“It's important to clarify that baiting and feeding along with high deer densities is another clear amplification risk factor,” says Richards. “Artificial congregations don't pose a risk for enhancing or elevating the risk of disease transmission. You have to have infectious agents there first.”

These food plots and bait piles can act as a repository for CWD, which Richards alludes to as “the gift that keeps on giving” in that the disease can be transmitted between infected animals and healthy animals; however, the spectrum between a hundred-acre food plot and a corn sprayer or bait pile is broad. Further, it’s hard to clearly define how amplified the risk can be for deer and elk that visit these places.

But what about feedgrounds? 

Supplemental feeding programs aimed at helping elk and deer through difficult winters are a controversial topic because while they may help herds survive, overcrowding and congestion only adds to the possibility of healthy animals contracting CWD from infected ones. And, according to Schuler, many of the feedgrounds were “put in place as a stopgap measure to stop the elk from moving down into the lowlands where the cattle were grazing.” Unfortunately, while these feedgrounds may have been established with solid intentions – whether it be sustaining herds through severe winters or helping cattle ranchers – Schuler says that the programs have created populations that are “artificially inflated beyond what the habitat can support.”

Wyoming currently faces multiple lawsuits aimed at closing feedgrounds in the state since they are potential hotspots for the spread of CWD. In February, three groups filed a lawsuit to end the National Elk Refuge’s supplemental feeding program and, in April, four groups filed another lawsuit to close the feedgrounds at Dell Creek, Forest Park and Alkali Creek. While feedgrounds are unique to the West, with CWD’s current reach, eliminating forced congregating of elk and deer could help all North American herds.

Putting solutions in place

Unfortunately, there's no one-size-fits-all management approach because of the variety and systems that wildlife managers have to deal with that range from state to state and from herd to herd. If a herd is already infected, Miller says that’s where it’s important to limit attraction to artificial sources of food, water and minerals while also keeping “somewhat of a lid on infected herds in terms of population size” with particular emphasis on mature males as “that seems to help keep the disease under wraps.”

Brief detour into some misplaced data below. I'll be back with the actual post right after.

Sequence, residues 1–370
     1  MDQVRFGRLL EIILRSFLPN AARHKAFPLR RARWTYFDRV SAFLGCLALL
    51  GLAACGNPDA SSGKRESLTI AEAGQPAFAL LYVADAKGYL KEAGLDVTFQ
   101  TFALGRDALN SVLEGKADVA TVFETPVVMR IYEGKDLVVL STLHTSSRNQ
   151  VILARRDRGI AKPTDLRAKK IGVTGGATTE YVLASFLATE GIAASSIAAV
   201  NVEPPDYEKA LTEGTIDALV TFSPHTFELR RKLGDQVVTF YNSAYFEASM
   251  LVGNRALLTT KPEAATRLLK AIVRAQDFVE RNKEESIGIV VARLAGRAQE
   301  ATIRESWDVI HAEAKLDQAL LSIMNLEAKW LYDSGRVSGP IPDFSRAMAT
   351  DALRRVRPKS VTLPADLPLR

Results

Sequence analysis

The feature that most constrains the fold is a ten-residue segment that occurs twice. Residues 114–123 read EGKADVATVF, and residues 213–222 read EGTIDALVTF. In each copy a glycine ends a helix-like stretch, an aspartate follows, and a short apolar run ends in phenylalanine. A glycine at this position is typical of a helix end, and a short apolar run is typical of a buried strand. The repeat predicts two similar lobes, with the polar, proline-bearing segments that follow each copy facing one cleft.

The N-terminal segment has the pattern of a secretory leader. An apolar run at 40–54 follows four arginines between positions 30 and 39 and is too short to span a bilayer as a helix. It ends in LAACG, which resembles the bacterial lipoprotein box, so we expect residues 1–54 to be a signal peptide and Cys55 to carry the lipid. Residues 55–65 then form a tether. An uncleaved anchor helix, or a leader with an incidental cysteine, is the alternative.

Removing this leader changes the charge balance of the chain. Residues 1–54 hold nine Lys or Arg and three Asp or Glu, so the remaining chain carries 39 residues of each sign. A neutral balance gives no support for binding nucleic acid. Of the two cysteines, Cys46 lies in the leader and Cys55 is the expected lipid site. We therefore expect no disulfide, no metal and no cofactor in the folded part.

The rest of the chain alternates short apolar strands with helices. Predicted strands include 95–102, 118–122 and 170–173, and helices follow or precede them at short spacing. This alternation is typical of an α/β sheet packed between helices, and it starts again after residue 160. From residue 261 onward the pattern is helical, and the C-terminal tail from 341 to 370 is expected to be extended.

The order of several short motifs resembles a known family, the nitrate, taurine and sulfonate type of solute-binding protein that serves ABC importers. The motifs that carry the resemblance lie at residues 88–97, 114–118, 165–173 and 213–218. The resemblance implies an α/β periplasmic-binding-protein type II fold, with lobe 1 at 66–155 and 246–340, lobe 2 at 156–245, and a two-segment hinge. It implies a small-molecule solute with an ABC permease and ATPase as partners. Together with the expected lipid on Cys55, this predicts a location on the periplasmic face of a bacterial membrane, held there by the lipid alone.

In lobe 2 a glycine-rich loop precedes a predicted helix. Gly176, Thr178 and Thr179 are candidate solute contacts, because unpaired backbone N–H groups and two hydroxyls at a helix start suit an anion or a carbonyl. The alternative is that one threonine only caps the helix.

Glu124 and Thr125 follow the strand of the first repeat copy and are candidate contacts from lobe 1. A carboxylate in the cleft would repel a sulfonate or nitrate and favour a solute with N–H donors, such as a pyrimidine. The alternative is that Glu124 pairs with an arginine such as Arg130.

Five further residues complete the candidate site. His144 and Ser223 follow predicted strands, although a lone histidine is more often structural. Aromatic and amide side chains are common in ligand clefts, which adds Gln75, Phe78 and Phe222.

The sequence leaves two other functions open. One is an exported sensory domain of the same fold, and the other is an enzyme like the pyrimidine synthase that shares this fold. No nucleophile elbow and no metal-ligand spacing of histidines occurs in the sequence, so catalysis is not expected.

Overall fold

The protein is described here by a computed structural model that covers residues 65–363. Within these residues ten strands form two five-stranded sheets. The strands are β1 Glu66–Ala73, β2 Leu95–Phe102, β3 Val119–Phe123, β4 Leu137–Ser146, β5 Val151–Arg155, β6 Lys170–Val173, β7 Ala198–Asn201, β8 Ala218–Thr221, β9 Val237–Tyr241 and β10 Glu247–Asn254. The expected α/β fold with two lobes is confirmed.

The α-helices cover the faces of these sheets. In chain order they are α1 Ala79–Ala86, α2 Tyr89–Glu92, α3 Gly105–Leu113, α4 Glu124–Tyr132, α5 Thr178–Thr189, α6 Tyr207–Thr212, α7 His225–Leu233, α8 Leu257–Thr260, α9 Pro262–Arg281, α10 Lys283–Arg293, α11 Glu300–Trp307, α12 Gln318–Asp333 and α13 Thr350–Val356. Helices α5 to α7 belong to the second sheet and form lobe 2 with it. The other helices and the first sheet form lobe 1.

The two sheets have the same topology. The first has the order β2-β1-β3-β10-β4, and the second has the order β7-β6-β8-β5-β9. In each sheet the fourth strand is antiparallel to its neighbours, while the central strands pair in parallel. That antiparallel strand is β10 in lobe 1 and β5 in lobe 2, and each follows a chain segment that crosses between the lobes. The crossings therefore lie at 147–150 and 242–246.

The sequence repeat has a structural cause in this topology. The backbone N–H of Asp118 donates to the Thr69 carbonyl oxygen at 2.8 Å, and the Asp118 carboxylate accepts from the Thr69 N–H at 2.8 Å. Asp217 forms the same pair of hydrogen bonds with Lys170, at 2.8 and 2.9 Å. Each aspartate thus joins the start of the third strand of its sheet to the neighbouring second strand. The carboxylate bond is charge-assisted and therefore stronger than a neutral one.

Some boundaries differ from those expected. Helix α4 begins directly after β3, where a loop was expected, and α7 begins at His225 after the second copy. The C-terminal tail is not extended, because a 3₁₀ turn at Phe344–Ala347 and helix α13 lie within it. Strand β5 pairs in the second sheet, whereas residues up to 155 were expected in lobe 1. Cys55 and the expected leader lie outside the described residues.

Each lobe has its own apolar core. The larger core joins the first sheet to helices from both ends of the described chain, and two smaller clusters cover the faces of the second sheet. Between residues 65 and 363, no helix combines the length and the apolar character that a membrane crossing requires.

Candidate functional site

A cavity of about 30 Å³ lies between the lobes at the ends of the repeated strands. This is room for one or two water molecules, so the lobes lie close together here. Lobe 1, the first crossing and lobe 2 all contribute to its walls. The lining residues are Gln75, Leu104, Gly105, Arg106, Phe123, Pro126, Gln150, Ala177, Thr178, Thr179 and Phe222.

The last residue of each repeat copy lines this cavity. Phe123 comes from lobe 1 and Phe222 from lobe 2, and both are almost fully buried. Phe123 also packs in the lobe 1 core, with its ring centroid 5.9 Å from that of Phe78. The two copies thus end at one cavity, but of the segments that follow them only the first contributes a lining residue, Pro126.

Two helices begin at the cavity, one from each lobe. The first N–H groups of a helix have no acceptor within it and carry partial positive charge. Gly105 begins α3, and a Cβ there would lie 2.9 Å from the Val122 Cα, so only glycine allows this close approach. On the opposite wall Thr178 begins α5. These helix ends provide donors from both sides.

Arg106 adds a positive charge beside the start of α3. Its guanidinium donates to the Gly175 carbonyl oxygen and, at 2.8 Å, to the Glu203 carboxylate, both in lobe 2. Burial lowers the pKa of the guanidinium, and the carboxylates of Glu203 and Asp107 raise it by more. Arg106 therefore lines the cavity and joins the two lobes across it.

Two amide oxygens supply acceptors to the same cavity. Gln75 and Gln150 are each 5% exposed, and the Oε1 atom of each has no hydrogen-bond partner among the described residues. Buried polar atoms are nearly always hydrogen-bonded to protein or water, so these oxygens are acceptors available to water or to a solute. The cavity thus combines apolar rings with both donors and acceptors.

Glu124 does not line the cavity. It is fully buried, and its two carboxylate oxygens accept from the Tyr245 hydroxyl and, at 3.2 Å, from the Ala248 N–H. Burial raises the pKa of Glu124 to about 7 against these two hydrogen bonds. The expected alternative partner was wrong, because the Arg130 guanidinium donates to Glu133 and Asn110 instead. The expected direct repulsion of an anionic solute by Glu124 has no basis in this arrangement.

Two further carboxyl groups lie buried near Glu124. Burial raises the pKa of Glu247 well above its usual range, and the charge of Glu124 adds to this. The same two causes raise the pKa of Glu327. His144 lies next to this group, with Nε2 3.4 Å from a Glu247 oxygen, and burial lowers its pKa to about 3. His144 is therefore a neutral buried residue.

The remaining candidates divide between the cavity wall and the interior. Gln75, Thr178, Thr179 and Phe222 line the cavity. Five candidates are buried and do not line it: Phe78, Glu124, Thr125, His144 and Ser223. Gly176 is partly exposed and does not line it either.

Schuler says it would be helpful to educate the general public – the hunters out there who may be used to bait piles – about the environmental transmission issues of the disease.

“And a lot of it really comes down to modeling,” says Schuler, acknowledging that CWD modeling is similar to current pandemic modeling as it’s a way of predicting future trends and spikes based upon current patterns.

Richards points out that one of the first things the Center for Disease Control and Prevention did during the current pandemic was establish a level of credibility that wildlife management and state agencies have struggled to do with regard to CWD and key stakeholders like hunters and landowners. Educating the general public is good, but having hunters and landowners on the supportive side of CWD management and prevention is critical to moving towards a solution.

“It’s a matter of laying out the science and showing what outcomes have been and what outcomes are likely to be in the absence of active management,” says Richards. “Basically, getting that buy in from hunters and landowners.”

Miller concurs and suggests that, like coronavirus, we need to focus on suppressing it – not really stamping it out.

“We need to knock it back,” says Miller. “Which is similar to a lot of the principles that have been enacted on our human population over the last couple of months to slow down the progression of coronavirus.”

And because of CWD’s slow moving transmission, part of that is honoring management strategy aimed at curbing its spread – even if that strategy doesn’t provide immediate results.

“This is my plea: trust the people who are managing these resources,” says Miller. “They’re really trying to do the right thing.”

Even if it takes five to ten years, Miller adds, “Some progress is going to be made.”